Kerala Fisherfolk Collect 25 Tonnes of Ocean Plastic, Use It for Road Surfacing!

About 28 individuals from the community are directly involved in the process and make use of five trawlers to retrieve the plastic waste from the sea.

Flagged off in 2017 by J Mercykutty Amma, Kerala’s fisheries minister, the objectives of the ambitious Suchitwa Sagaram (Clean sea) Mission include the prohibition of plastic waste dumping into the sea and procuring all forms of plastic materials in the sea or ones which got entangled in the nets while fishing.

Kerala’s coastline stretches to nearly 600 km, and the state is one of India’s top fish producers; over a million households are entirely dependent on the fishing industry. However, due to rampant marine pollution, not only is the aquatic ecosystem under serious threat, the impact will eventually trickle down to our plate as well!

Taking cognisance of this fact, the fishing community settled along the Neendakara harbour in Kollam, undertook the responsibility of recovering plastic waste along the coast under the Suchitwa Sagaram campaign in June last year.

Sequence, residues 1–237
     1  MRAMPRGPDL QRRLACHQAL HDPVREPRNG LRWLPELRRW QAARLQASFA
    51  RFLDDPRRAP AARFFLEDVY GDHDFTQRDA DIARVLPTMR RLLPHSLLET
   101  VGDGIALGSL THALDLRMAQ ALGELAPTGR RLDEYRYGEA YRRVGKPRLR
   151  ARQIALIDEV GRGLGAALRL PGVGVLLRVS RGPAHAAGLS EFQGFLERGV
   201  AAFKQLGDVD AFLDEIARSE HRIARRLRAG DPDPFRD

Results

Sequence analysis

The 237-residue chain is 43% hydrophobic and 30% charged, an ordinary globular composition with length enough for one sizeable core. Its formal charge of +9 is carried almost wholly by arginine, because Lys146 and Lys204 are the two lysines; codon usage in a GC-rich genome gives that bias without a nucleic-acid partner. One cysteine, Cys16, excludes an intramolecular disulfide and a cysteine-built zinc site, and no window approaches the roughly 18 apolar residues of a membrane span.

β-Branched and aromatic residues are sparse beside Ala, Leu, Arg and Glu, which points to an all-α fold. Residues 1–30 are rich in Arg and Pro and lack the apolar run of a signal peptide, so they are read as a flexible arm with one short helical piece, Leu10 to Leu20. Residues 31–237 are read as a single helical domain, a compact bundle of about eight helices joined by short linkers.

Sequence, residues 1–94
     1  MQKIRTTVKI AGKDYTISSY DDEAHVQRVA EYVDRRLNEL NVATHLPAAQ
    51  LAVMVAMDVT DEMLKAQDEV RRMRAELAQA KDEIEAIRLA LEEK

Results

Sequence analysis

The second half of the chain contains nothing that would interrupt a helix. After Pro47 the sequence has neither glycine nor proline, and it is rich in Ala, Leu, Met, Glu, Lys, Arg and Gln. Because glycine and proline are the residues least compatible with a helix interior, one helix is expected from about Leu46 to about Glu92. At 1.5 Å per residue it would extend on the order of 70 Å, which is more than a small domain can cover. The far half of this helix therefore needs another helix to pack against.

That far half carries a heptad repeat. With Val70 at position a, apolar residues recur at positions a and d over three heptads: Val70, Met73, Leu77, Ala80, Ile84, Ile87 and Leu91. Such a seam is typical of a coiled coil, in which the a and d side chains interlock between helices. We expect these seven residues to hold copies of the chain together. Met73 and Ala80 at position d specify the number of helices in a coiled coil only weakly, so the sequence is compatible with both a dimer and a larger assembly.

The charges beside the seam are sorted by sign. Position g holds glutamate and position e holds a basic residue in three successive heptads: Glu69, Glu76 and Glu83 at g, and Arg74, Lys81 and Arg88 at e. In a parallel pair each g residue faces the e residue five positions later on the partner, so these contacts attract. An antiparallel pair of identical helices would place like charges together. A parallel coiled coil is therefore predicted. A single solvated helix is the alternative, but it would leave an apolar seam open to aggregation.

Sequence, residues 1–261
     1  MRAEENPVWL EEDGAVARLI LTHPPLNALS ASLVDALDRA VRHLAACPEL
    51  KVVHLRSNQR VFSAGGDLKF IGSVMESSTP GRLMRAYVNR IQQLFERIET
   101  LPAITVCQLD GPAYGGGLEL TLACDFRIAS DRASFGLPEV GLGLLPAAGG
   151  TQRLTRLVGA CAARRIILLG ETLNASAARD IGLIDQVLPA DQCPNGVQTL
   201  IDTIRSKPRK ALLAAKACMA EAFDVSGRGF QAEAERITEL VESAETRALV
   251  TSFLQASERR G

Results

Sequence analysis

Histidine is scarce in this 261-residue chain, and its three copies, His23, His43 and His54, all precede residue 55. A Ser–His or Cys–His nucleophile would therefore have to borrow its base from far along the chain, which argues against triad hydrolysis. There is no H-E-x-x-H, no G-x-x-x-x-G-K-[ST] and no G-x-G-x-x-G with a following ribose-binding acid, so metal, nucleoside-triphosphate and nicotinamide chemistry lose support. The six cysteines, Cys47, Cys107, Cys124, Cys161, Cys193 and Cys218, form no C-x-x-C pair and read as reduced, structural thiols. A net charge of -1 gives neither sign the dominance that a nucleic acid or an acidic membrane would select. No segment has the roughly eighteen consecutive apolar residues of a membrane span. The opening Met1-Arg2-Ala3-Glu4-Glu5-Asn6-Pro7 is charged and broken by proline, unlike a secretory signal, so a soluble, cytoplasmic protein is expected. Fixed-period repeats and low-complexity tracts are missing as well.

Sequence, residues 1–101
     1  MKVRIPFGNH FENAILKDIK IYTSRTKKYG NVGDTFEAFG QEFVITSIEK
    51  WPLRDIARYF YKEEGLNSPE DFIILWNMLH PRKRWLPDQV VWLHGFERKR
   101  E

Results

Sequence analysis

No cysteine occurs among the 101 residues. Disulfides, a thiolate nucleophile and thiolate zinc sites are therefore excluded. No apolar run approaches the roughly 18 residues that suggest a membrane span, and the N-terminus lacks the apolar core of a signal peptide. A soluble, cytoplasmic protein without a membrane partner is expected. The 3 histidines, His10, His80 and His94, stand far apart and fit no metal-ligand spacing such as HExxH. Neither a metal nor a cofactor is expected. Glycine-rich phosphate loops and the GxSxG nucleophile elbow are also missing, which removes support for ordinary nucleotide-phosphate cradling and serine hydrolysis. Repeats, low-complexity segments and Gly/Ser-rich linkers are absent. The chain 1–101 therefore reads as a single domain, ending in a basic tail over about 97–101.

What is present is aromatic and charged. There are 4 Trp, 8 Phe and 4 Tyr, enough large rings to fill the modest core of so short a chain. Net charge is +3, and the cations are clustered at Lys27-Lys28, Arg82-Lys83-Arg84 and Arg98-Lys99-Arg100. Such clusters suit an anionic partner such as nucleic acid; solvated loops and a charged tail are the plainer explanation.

Nevertheless, their participation could also be attributed to their self-driven objective of keeping the sea and surroundings clean.

About 28 individuals from the community are directly involved in the process and make use of five trawlers to retrieve the plastic waste from the sea. Previously, they would discard plastic waste that would often get stuck in their fishing nets, back into the sea. Now, they take the extra effort to not just collect the debris stuck in the nets but also look out for more along their fishing routes.

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“So far, 10 tonnes of plastic bags and plastic bottles and 15 tonnes of discarded nets, plastic ropes and other plastic items from the sea have been removed by the fishermen. Even though it is a small group, they have freed the sea from 25 tonnes of plastic waste,” Johnson Premkumar, the programme officer for training under the initiative, was quoted as saying by a UN website.

The best part of the initiative is that it doesn’t end with procuring the plastic waste from the sea. After the waste is collected at the harbour, it is fed into a plastic shredding machine, which turns it into material used for road surfacing.

Therefore, this exceptional initiative tackles sea-bound plastic pollution, in addition to routing the waste for infrastructural activities!

As ‘Beat Plastic Pollution’ is the theme for World Environment Day this year, the Suchitwa Sagaram project is setting the right precedent by bringing back plastic waste from the seas and resuscitating Kerala’s coastline and marine life.

(Edited by Gayatri Mishra)

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